2.3. Statistical Analysis
Data was analyzed using Statistical Package for Social Science (SPSS) version 24 (SPSS Inc., Chicago, IL, USA). Descriptive statistics were used to summarize the patient demographic and medical characteristics. To assess the course of appetite, Generalized Estimating Equations (GEE) analyses were performed. The obtained odds ratios (ORs) represent the odds for finding a similar prevalence rate for a decreased appetite at discharge, one or three months post-discharge as compared to the prevalence rate at admission and indicates whether prevalence rates significantly increase or decrease. To test the association between decreased appetite (independent variable) and muscle strength, muscle mass, mobility, and physical performance (dependent variables) over time, Linear Mixed Model (LMM) analyses were performed . Data was checked on normality by plotting histograms of the residuals. All data was normally distributed. Both GEE and LMM take into account the correlation between the repeated observations. GEE is more suitable to analyze dichotomous outcomes, while LMM is more suitable to analyze continuous outcomes [39,40]. To identify effect modification of gender, age, fatigue, and depression, interaction terms between decreased appetite and these variables were added to the crude model. For the LMM analyses, first an overall analysis was performed, taking the average of all timepoints. Second, the hospitalization period was compared with the post discharge period. Hospitalization was the average of the time points at admission and at discharge. For the post-discharge period the average of the timepoints one month post-discharge and three months post-discharge was used. Third, every timepoint was analyzed separately. Besides a crude analysis, also adjusted analyses were performed. The potential confounders were based on literature [41,42,43,44]. All parameter estimates were expressed with a 95% confidence interval (95% CI). Statistical significance was set at p < 0.05.
3.1. Study Sample Characteristics
Between October 2015 and February 2017, 1024 acutely hospitalized patients were approached, of which 519 met the inclusion criteria and 401 agreed to participate. One patient did not have data available on decreased appetite at baseline. Therefore, data of 400 patients were included in the analytical sample. During the study, 84 patients were lost to follow up, four patients became terminally ill, and 40 patients died. Patients’ baseline characteristics are provided in Table 1. Overall, 51.5% of the participants were men and the mean (SD) age was 80.1 (6.68) years.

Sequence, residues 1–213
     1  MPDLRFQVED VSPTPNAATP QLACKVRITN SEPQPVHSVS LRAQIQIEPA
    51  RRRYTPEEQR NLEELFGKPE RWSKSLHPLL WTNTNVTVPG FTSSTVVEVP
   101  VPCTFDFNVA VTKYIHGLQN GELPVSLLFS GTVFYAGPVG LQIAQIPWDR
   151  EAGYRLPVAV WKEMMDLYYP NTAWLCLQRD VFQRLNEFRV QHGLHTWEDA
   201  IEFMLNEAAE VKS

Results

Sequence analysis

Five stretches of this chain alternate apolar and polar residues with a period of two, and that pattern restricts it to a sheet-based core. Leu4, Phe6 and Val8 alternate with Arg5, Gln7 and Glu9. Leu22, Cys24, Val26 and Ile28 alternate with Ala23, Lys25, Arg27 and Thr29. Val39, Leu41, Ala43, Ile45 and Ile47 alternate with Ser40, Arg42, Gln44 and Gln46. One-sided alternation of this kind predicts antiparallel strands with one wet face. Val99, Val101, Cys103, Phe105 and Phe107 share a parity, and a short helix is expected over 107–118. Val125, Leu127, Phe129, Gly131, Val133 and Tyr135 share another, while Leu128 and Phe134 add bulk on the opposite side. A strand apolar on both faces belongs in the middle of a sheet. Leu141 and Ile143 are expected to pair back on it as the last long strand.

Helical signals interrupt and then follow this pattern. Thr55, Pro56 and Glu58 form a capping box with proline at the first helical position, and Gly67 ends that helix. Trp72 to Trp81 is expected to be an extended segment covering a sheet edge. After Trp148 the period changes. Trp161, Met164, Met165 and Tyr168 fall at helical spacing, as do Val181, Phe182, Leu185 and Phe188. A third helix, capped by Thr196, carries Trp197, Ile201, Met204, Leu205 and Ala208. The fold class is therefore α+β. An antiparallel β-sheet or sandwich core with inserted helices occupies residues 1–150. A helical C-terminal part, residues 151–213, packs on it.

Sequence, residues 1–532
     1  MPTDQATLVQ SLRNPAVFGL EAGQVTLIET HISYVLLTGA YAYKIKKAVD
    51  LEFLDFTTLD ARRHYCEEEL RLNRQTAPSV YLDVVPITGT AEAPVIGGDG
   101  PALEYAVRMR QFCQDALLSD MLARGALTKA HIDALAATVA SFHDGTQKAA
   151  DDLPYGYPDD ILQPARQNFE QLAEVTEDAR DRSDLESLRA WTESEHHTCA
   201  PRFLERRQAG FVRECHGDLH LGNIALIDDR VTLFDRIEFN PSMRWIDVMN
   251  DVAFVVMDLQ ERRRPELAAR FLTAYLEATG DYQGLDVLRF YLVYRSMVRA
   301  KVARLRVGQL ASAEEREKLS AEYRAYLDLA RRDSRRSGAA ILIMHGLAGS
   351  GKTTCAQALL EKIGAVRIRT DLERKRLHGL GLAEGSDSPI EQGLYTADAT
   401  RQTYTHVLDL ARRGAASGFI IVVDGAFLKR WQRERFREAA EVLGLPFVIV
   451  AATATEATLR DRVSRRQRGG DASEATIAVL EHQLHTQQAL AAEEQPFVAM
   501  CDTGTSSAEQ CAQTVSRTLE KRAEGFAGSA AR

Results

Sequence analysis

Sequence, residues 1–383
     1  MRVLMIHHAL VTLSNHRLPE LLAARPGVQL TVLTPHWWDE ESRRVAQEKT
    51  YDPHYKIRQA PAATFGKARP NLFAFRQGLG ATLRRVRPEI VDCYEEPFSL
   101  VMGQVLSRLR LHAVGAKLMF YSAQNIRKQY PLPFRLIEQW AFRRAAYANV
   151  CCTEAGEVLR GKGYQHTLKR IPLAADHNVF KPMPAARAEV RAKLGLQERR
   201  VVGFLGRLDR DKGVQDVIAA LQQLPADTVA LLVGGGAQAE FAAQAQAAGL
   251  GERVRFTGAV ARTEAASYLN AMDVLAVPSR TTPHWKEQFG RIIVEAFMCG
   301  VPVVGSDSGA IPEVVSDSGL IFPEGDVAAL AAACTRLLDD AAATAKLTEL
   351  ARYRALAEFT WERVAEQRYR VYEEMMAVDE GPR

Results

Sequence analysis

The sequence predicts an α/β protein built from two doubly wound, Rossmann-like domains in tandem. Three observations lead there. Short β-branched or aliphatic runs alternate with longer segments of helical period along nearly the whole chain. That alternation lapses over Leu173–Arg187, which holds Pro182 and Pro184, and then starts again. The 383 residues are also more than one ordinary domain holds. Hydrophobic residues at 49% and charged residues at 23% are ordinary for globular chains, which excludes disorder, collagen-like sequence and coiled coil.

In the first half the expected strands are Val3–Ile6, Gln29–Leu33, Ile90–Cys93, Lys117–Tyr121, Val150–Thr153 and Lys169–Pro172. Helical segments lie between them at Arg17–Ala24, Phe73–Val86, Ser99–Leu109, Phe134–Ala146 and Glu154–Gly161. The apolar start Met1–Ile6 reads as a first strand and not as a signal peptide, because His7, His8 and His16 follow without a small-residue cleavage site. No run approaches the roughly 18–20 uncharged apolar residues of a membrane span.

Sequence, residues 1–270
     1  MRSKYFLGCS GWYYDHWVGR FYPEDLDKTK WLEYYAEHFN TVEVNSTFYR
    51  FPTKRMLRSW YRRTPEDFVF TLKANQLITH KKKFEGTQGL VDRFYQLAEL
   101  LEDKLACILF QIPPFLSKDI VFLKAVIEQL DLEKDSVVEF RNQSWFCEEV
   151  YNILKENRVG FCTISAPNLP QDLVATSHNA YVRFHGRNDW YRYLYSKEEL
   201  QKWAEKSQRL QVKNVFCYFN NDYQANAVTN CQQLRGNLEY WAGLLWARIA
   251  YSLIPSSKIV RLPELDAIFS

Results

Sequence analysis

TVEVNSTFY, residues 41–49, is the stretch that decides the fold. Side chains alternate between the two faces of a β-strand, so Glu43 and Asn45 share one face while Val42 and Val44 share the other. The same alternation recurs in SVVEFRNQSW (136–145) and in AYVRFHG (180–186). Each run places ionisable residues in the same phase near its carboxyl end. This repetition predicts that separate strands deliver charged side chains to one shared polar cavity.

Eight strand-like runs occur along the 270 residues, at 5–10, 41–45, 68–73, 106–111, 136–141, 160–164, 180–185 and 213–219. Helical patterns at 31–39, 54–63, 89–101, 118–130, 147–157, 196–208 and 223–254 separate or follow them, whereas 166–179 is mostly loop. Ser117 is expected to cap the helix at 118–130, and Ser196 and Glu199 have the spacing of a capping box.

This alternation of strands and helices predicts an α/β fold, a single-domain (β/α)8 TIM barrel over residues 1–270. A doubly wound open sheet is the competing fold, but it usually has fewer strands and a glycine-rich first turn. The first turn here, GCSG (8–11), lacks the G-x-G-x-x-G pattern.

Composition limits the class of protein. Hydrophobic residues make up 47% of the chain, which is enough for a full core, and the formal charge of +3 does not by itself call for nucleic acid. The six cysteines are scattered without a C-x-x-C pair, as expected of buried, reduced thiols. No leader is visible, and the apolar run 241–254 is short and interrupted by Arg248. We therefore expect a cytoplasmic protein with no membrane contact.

3.2. The Course of Decreased Appetite
At admission, 51% of the subjects reported a decreased appetite. The subjects who reported to have a decreased appetite were more often women, had a longer length of stay, more comorbidities, more often polypharmacy, scored higher on fatigue and the geriatric depression scale, had more trouble to perform activities of daily living, were more often malnourished, had lower handgrip strength, lower skeletal muscle mass, and scored lower on mobility and physical performance (Table 1).
Of those who had a decreased appetite at admission, 21% still had decreased appetite three months after discharge. The prevalence rates of decreased appetite were significantly lower at discharge, one and three months post-discharge compared to admission. The odds ratios hardly changed when analyses were repeated using only complete cases on decreased appetite (Table 2).
3.3. Decreased Appetite and Muscle Strength
An inverse association was found between decreased appetite and muscle strength (crude model; β = −0.73, p = 0.005). This association became stronger, when the crude model was adjusted for age, gender, cognitive impairment, fatigue, depression, comorbidity, and lean body mass (β = −1.09, p = 0.001). This means that subjects who reported to have a decreased appetite performed lower on hand grip strength by 1.09 kg compared to the subjects who reported to not have a decreased appetite. No effect modification with age, gender, fatigue or depression was found. Considering the specific time periods during hospitalization and post-discharge, a significant association was found between decreased appetite and muscle strength in both periods (adjusted model; β = −0.84, p = 0.030 and β = −1.71, p < 0.001 respectively). Analyses at every time point showed that these associations were most pronounced at three months post-discharge (adjusted model; β = −2.97, p < 0.001) (Table 3).